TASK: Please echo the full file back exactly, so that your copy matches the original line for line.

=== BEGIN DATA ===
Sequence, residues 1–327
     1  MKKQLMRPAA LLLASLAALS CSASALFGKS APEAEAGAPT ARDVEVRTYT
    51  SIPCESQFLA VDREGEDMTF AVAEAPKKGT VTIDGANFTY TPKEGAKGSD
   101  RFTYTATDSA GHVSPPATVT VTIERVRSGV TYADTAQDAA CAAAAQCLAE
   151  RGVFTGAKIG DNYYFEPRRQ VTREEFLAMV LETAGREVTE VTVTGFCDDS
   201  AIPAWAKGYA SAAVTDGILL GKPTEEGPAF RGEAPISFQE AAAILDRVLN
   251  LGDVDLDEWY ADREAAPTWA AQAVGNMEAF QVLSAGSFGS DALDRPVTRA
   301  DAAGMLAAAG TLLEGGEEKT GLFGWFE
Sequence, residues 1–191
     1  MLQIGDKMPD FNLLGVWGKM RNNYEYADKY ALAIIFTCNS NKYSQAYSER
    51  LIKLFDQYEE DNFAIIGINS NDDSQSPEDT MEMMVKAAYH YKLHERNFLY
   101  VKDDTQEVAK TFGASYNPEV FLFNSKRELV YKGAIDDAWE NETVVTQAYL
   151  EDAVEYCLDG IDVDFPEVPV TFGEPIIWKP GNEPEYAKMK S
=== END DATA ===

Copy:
Sequence, residues 1–327
     1  MKKQLMRPAA LLLASLAALS CSASALFGKS APEAEAGAPT ARDVEVRTYT
    51  SIPCESQFLA VDREGEDMTF AVAEAPKKGT VTIDGANFTY TPKEGAKGSD
   101  RFTYTATDSA GHVSPPATVT VTIERVRSGV TYADTAQDAA CAAAAQCLAE
   151  RGVFTGAKIG DNYYFEPRRQ VTREEFLAMV LETAGREVTE VTVTGFCDDS
   201  AIPAWAKGYA SAAVTDGILL GKPTEEGPAF RGEAPISFQE AAAILDRVLN
   251  LGDVDLDEWY ADREAAPTWA AQAVGNMEAF QVLSAGSFGS DALDRPVTRA
   301  DAAGMLAAAG TLLEGGEEKT GLFGWFE
Sequence, residues 1–191
     1  MLQIGDKMPD FNLLGVWGKM RNNYEYADKY ALAIIFTCNS NKYSQAYSER
    51  LIKLFDQYEE DNFAIIGINS NDDSQSPEDT MEMMVKAAYH YKLHERNFLY
   101  VKDDTQEVAK TFGASYNPEV FLFNSKRELV YKGAIDDAWE NETVVTQAYL
   151  EDAVEYCLDG IDVDFPEVPV TFGEPIIWKP GNEPEYAKMK S